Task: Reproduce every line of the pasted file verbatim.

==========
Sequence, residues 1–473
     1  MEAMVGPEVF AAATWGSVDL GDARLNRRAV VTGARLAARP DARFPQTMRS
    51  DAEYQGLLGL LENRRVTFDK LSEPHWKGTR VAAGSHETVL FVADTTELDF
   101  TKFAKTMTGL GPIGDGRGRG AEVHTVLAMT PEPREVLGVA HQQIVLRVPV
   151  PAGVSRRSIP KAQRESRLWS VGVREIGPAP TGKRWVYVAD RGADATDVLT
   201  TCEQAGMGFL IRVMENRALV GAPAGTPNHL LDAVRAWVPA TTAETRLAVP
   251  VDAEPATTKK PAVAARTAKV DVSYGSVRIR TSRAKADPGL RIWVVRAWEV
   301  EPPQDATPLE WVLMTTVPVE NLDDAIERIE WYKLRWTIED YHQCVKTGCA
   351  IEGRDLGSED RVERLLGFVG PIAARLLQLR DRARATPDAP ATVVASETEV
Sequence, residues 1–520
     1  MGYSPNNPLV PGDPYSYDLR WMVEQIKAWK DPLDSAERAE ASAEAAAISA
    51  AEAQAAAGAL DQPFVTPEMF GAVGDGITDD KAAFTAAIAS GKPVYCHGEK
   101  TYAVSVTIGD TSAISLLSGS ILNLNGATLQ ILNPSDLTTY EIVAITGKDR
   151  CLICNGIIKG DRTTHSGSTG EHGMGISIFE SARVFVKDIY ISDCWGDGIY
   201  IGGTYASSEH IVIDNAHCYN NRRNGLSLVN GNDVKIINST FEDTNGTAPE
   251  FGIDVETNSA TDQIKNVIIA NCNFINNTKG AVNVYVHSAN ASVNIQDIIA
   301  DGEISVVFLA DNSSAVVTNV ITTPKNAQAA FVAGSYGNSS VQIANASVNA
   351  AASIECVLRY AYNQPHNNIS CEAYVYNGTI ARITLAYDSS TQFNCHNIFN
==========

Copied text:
Sequence, residues 1–473
     1  MEAMVGPEVF AAATWGSVDL GDARLNRRAV VTGARLAARP DARFPQTMRS
    51  DAEYQGLLGL LENRRVTFDK LSEPHWKGTR VAAGSHETVL FVADTTELDF
   101  TKFAKTMTGL GPIGDGRGRG AEVHTVLAMT PEPREVLGVA HQQIVLRVPV
   151  PAGVSRRSIP KAQRESRLWS VGVREIGPAP TGKRWVYVAD RGADATDVLT
   201  TCEQAGMGFL IRVMENRALV GAPAGTPNHL LDAVRAWVPA TTAETRLAVP
   251  VDAEPATTKK PAVAARTAKV DVSYGSVRIR TSRAKADPGL RIWVVRAWEV
   301  EPPQDATPLE WVLMTTVPVE NLDDAIERIE WYKLRWTIED YHQCVKTGCA
   351  IEGRDLGSED RVERLLGFVG PIAARLLQLR DRARATPDAP ATVVASETEV
Sequence, residues 1–520
     1  MGYSPNNPLV PGDPYSYDLR WMVEQIKAWK DPLDSAERAE ASAEAAAISA
    51  AEAQAAAGAL DQPFVTPEMF GAVGDGITDD KAAFTAAIAS GKPVYCHGEK
   101  TYAVSVTIGD TSAISLLSGS ILNLNGATLQ ILNPSDLTTY EIVAITGKDR
   151  CLICNGIIKG DRTTHSGSTG EHGMGISIFE SARVFVKDIY ISDCWGDGIY
   201  IGGTYASSEH IVIDNAHCYN NRRNGLSLVN GNDVKIINST FEDTNGTAPE
   251  FGIDVETNSA TDQIKNVIIA NCNFINNTKG AVNVYVHSAN ASVNIQDIIA
   301  DGEISVVFLA DNSSAVVTNV ITTPKNAQAA FVAGSYGNSS VQIANASVNA
   351  AASIECVLRY AYNQPHNNIS CEAYVYNGTI ARITLAYDSS TQFNCHNIFN